I grew up in Southern California, and though I had friends who’d take seasonal vacations to mountains—to Big Bear, to Lake Tahoe—my family was never really the cabin dwelling type. I’ve never snowboarded; I have not ever skied. In this absence, “the slopes” have existed solely in my imagination, simultaneously magical and frightening to me, and probably the both because of their mystery; there’s a certain kind of appeal to uncertainty.
I am not entirely sure what I’m looking at in Suspended (2010)—it’s not even a ski lift, perhaps it’s the tracing of a monorail, but I know that seeing the painting brings me to this place of haze. The scene is all shrouded, muted and blurred, and I'm asking where am I, exactly, in this landscape?
Appreciation of an artist, like anything in life, is generally a matter of perspective: Perspective on the artist's thoughts and ideas, identifying their clever arrangement of color or play on words, even a sense of connection to the story they are presenting.
Save for her eyes and their slight edges, the seated artist in Kerry James Marshall’s Untitled painting (2009) is consummately Black. Her skin’s shade blends into the mass of dark hair resting atop her head as though she were dipped in night’s pigmentation, clothed, and placed on this chair. She is of a full-bodied, concentrated coloring; each inch of her skin coated in darkness.
In an interview with Kerry James Marshall for the Yale Daily News, writer Ah Joo Shin notes this propensity for Black skin coloring, asking Marshall the inevitably loaded question of “what ‘Black’ means to [him].” Marshall articulates this preference for Black as a matter of message: “I use it because it’s the most powerful rhetorical device because it operates at the extreme,” he replies. “And since I’m trying to make images that portray the maximum amount of power that [they] can, that’s why the Black is most effective…” [YDN]
The Studio Museum wrapped up its last in-school residence this month, after a year of meaningful, successful school partnerships. One of the highlights this year was our partnership with Dorothy Day Head Start Center in Harlem through Cool Culture’s Literacy Through Culture program.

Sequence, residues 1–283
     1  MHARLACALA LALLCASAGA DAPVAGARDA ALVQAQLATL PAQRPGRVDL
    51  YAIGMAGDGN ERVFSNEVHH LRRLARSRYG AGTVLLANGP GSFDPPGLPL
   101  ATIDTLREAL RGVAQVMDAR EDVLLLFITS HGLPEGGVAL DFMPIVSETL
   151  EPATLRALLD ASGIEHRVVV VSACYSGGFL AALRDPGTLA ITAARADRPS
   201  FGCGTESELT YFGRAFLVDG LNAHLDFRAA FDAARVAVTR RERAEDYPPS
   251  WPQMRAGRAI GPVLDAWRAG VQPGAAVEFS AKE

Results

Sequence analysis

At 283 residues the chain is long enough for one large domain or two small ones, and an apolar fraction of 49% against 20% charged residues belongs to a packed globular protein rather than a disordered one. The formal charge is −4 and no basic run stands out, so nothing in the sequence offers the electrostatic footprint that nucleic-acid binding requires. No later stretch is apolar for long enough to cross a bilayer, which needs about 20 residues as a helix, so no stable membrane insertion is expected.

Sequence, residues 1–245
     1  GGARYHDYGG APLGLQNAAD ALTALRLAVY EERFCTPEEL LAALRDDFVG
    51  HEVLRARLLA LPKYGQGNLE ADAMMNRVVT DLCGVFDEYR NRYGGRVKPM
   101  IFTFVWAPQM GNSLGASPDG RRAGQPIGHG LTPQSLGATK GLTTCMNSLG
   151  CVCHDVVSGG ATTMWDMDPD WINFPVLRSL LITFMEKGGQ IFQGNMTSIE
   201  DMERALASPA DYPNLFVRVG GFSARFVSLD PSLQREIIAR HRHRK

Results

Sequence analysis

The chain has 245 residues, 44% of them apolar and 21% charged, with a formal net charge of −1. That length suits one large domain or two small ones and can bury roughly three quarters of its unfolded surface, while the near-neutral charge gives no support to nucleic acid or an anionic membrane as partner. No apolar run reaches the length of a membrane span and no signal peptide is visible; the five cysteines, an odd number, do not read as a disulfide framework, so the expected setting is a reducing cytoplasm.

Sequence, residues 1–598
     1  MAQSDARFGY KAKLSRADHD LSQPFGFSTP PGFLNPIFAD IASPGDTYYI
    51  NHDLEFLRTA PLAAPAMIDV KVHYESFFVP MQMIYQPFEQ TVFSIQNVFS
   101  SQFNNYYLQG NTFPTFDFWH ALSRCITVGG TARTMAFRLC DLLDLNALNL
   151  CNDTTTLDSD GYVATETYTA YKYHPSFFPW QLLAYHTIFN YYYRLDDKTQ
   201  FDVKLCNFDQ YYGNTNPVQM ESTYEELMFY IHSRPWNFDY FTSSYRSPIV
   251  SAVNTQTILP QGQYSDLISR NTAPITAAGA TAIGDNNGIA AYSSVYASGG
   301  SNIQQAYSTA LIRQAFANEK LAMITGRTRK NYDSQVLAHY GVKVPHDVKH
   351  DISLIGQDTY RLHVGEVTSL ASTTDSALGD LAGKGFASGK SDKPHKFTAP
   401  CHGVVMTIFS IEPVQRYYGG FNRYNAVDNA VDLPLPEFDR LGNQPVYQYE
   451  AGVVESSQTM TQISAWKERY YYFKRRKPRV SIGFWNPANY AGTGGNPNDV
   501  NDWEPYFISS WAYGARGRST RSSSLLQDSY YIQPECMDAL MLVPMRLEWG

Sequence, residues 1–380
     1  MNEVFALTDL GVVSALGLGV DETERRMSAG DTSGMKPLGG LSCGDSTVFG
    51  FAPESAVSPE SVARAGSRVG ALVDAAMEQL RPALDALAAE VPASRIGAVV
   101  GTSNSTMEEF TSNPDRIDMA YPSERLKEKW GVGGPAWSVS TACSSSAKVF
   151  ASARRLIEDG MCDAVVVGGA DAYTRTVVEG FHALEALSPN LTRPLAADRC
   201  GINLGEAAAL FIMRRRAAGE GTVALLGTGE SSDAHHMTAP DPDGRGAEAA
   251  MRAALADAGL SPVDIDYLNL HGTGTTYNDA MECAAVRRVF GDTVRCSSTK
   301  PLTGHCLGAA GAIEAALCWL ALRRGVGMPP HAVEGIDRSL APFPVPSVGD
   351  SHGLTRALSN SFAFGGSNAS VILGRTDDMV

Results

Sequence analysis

Raised by his art-loving mom, Abdi Farah (b. 1987) was introduced to the arts at an early age. Growing up in Baltimore, a city with a rich artistic and cultural presence, he recalls being around art all the time. Farah remembers visiting art galleries and institutions such as the Walters Art Museum (formerly the Walters Art Gallery) and the Baltimore Museum of Art. His earliest memories of making art are when he went to work with his mom, a college professor and sat in a quiet corner to draw with markers and crayons. “I grew up always drawing,” he says. “That’s kind of who I was.” This love of drawing manifested into a skill and passion that led him to attend the George Washington Carver Center for Arts and Technology High School, where he focused on studio art. It wasn’t until he won the NAACP ACT-SO Gold Medal in painting that he realized how much artistic talent he had, and that he could be an artist for a living. Prior to this realization, Farah was certain he was going to play professional basketball, a huge part of his adolescence. “My buddies and I worshipped it,” he says.